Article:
PSPS large business and critical infrastructure
A Public Safety Power Shutoff, also called a PSPS, occurs in response to severe weather. We turn off power to help prevent wildfires and keep communities safe. Multiple factors are at play when deciding to turn off your power and we take the decision very seriously.
Although your location may not be in a high fire-threat area or an area experiencing high winds, your power may be shut off if your business relies on a line that runs through an area with severe weather. Or, a nearby business may be served by a different line than the one that serves you and in a PSPS, your power could stay on while a business across the street may have power turned off.
Play the PSPS overview video
Access an audio descriptive version
Download a transcript (PDF, 92 KB)
PSPS timeline: what to expect
When we need to temporarily turn off power for safety, you can expect the following:
Severe Weather Forecasted
When: Up to a week before
What: Our weather specialists forecast potential severe weather.
PSPS Watch Notifications (outages likely)
When: Two days before
What: We notify you if you are in an area that may be affected by a PSPS. We let you know the potential estimated power shutoff start time and restoration time.
PSPS Warning Notifications (outages required)
When: One day before
What: We notify you if you are in an area that will be affected by a PSPS. We let you know the potential estimated power shutoff start time and restoration time.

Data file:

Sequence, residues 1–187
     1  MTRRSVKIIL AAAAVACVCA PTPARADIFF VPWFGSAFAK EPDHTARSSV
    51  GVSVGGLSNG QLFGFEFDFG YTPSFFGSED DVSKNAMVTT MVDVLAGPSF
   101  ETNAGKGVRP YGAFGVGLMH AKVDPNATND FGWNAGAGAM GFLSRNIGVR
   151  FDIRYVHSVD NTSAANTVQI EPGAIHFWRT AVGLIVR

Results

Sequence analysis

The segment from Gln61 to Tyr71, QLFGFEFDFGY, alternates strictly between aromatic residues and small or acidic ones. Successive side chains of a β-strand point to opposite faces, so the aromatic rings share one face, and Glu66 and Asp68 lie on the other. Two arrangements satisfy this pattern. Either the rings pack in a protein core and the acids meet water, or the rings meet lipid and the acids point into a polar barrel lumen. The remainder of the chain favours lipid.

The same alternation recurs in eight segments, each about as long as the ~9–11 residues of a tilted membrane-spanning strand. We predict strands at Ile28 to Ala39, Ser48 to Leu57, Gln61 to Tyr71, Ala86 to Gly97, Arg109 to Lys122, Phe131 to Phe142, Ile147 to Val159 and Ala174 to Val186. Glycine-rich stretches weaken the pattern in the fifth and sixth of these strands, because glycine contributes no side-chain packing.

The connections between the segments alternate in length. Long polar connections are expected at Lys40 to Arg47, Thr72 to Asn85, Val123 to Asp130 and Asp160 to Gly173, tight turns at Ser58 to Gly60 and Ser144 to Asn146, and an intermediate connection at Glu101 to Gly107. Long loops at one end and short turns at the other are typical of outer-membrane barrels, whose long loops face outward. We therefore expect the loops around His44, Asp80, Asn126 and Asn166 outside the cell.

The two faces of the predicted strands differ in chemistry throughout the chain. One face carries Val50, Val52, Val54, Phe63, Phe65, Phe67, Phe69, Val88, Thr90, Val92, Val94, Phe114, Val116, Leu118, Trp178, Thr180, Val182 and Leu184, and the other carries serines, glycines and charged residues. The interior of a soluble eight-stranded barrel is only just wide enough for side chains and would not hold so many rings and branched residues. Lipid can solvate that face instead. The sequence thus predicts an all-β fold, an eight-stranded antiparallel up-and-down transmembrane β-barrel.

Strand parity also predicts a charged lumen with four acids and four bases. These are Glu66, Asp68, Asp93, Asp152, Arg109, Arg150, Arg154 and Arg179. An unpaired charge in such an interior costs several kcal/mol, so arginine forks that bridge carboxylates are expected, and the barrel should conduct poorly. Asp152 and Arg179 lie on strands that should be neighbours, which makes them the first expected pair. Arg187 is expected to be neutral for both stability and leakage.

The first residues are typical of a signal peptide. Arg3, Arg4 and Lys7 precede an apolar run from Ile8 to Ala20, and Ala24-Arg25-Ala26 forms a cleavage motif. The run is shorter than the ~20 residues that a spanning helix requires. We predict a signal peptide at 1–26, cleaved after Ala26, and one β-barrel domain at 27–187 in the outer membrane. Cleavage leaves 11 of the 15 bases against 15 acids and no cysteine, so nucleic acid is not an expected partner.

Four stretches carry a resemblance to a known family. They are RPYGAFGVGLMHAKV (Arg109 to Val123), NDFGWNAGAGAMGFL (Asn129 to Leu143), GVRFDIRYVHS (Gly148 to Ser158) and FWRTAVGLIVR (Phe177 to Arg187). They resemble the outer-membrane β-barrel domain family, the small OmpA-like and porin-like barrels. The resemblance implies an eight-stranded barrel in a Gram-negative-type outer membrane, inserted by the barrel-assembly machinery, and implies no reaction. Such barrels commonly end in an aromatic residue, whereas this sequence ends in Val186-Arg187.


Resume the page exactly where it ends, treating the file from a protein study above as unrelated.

When: During severe weather
What: Power is shut off to affected areas to prevent wildfire.
Inspections and repairs
When: After weather has improved
What: Our crews inspect electric lines to restore power to affected communities as quickly and safely as possible. We notify you daily about the estimated time of power restoration through notifications, social media, local news, radio and our website.
PSPS Power Restored
When: Within 24 hours after severe weather has passed
What: Power is restored to affected communities.
Emergency preparedness and planning
PSPS planning maps are intended to provide a general estimate regarding potential locations that may be affected by a PSPS.
Learn more about additional assistance and advance planning for services essential to public safety.
Help identify energy waste and get recommendations to start saving energy and money.
Learn about financial incentives for customers installing battery storage or generation equipment.
Learn the role weather plays in a Public Safety Power Shutoff and see PG&E's 7-day PSPS potential.
Using backup power
Backup electric power can be a part of any preparedness plan. Find out what you need to know about using backup power.
Visit backup power
Request a back-up power assessment
Download PSPS Emergency Preparedness Checklist for Business (PDF, 557 KB)
- Prepare your facility for potential power outages. Download the emergency preparedness checklist for large businesses (PDF, 557 KB).
- Ensure your small business is prepared for power outages. Download the emergency preparedness checklist for small businesses (PDF, 424 KB).
- Support and resources are available to help you prepare for potential power shutoffs. Download the business checklist and get tips (PDF, 623 KB).
- To find a more detailed account of what to expect in a PSPS, download PSPS Policies and Procedures (PDF, 4.6 MB).
- To learn more about the PSPS program, weather factors, alerts and ways to prepare, download the PSPS Fact Sheet (PDF, 432 KB).
- Learn how temporary microgrids can power some areas during a PSPS.
- Find materials to support emergency preparedness education, suitable for students in kindergarten through sixth-grade. Visit emergency preparedness for students.
- Inquires regarding critical facility designations
Program Manager - Critical Facilities